Middle-schoolers receive scholarships from VC

April 16, 2011 at 5:05 p.m.
Updated April 15, 2011 at 11:16 p.m.

Victoria College recently hosted 15 local high school students who were awarded the Justin Forrest Cox "Beat the Odds" Middle School Incentive Scholarship.

In addition to the scholarship funds of up to $2,000 awarded to each recipient of the "Beat the Odds" program, VC and the University of Houston-Victoria will each award up to five $1,000 scholarships per year to Incentive Scholars who choose to enroll at VC and then transfer to UHV.

The Justin Forrest Cox "Beat the Odds" Memorial Scholarship, founded in 1998 by Gary and Mary Cox, is awarded annually in memory of their son Justin Cox.

The scholars program serves incoming ninth grade students who are struggling to overcome difficult situations, and as a result, may be at risk of dropping out of school. These situations can range from extreme financial hardships, such as homelessness, difficult family situations, such as a parent in prison, or even extreme health issues, such as overcoming cancer or healing after a heart transplant.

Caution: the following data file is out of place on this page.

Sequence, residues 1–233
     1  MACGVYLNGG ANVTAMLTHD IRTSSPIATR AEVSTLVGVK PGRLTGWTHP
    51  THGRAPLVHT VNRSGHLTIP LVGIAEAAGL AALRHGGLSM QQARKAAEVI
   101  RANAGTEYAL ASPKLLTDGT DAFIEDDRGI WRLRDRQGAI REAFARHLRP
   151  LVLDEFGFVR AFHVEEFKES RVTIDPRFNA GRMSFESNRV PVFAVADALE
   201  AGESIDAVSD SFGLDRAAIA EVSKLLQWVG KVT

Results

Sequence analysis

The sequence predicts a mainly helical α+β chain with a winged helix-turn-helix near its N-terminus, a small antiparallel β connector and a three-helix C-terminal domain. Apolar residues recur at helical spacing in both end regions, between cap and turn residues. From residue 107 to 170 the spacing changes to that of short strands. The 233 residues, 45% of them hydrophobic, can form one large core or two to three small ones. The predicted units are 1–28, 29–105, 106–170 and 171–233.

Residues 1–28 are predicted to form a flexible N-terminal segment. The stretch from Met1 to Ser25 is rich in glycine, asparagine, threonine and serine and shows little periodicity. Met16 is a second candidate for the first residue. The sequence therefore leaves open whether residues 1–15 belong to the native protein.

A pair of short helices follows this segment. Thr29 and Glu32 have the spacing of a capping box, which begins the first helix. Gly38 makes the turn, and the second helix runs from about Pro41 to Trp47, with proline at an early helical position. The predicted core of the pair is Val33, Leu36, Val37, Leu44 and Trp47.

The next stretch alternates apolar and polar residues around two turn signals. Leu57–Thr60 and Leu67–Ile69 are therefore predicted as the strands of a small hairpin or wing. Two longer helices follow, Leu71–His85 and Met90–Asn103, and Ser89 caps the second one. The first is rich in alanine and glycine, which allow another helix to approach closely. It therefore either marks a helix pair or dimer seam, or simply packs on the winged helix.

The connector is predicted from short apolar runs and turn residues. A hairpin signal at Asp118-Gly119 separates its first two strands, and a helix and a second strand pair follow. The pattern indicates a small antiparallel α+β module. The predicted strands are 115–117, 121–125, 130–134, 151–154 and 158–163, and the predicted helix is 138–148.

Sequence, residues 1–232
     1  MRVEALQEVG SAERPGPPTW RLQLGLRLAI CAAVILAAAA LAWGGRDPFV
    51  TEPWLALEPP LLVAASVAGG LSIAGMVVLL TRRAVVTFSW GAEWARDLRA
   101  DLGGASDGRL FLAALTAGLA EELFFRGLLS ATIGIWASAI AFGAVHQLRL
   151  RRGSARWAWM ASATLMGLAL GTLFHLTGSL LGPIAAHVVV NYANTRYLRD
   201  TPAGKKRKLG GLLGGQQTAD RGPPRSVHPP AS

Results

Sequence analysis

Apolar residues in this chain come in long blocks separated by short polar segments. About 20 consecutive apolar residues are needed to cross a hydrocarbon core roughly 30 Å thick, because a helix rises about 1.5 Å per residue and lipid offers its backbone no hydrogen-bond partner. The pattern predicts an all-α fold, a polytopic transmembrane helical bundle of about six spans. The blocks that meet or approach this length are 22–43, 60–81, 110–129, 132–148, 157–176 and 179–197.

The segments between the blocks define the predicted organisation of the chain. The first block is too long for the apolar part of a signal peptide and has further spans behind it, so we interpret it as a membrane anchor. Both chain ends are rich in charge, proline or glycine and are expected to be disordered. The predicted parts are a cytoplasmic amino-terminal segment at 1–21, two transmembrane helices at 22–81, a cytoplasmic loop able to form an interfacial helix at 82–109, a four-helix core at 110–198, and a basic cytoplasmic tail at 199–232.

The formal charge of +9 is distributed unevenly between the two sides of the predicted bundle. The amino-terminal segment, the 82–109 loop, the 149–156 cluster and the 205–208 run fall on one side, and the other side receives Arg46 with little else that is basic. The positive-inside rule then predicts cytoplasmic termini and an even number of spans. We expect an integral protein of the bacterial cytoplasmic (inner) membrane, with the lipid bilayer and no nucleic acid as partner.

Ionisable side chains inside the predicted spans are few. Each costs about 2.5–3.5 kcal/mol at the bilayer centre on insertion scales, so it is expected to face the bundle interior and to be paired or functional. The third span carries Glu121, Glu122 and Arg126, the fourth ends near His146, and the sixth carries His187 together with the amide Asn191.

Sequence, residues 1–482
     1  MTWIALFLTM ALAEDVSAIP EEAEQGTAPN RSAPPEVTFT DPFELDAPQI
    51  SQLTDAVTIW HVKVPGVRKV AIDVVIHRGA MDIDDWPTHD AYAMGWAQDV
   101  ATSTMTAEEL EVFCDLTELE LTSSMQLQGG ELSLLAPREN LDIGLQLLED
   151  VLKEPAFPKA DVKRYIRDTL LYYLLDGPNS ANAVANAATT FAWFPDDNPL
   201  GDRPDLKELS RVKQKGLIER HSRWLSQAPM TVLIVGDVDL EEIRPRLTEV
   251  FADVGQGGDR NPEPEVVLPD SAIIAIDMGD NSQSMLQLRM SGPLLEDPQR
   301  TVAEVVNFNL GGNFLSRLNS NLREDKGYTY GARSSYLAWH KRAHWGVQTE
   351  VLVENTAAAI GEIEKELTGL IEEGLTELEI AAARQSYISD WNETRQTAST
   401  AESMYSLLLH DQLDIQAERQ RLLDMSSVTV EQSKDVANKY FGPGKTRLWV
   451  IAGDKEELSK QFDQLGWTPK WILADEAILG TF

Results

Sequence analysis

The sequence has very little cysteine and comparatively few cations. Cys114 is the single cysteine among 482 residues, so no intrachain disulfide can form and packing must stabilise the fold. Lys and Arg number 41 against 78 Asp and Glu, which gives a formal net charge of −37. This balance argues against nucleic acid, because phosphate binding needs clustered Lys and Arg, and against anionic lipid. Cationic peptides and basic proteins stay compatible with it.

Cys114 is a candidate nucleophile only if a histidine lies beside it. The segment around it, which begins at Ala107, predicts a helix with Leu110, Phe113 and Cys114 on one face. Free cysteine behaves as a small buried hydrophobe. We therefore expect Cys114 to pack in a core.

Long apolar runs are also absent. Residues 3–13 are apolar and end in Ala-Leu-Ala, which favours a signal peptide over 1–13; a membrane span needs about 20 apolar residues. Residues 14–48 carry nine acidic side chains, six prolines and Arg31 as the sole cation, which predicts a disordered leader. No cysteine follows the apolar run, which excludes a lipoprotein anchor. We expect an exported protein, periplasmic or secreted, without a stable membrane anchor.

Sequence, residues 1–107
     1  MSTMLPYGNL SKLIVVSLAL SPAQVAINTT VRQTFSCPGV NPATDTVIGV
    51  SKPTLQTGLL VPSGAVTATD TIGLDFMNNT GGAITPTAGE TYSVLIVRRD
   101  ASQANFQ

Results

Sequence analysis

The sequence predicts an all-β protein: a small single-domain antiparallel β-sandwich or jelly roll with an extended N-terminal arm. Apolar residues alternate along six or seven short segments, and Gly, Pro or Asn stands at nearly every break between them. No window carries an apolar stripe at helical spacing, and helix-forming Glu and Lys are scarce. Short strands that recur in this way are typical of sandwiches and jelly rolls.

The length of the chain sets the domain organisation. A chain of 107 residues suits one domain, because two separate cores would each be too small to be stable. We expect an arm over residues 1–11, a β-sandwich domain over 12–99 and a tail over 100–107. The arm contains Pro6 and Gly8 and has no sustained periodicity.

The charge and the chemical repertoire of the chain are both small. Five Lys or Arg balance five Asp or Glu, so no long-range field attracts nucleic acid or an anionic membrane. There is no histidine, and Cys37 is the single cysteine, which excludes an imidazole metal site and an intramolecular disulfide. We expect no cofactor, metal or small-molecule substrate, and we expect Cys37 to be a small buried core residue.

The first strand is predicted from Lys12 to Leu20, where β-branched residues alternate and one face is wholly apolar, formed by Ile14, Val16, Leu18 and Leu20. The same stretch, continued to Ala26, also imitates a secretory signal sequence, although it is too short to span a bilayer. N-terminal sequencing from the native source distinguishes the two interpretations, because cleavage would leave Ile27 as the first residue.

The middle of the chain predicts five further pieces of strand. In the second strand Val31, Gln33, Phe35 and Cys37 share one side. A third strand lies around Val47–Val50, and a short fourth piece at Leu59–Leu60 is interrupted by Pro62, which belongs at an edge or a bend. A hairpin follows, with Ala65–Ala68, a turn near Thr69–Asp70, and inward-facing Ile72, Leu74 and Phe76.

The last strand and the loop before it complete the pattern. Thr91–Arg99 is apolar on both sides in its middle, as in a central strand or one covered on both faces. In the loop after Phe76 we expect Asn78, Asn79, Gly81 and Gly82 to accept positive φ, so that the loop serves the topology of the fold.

"This scholarship serves to encourage and support these students throughout their education and give them the tools they need to see their dreams realized," said Mary Cox.

Criteria for the scholarship include strict attendance, behavior and volunteer requirements, along with maintaining at least a 3.0 grade point average.

"Many of the students who have benefited from our scholarship programs in the past have gone on to become extremely successful," said Mary Cox. "We have a student who is currently studying at Texas A&M and some of our past graduates include a surveyor, a teacher, a nurse and one who is a physical therapist now in Lubbock."

Jennifer Yancey, vice president of college advancement and external affairs, said the college takes pride in being a part of the scholarship.

"VC is proud to partner with Gary and Mary Cox to help provide area students with the means to beat their odds and make their own lives bright and successful," Yancey said.



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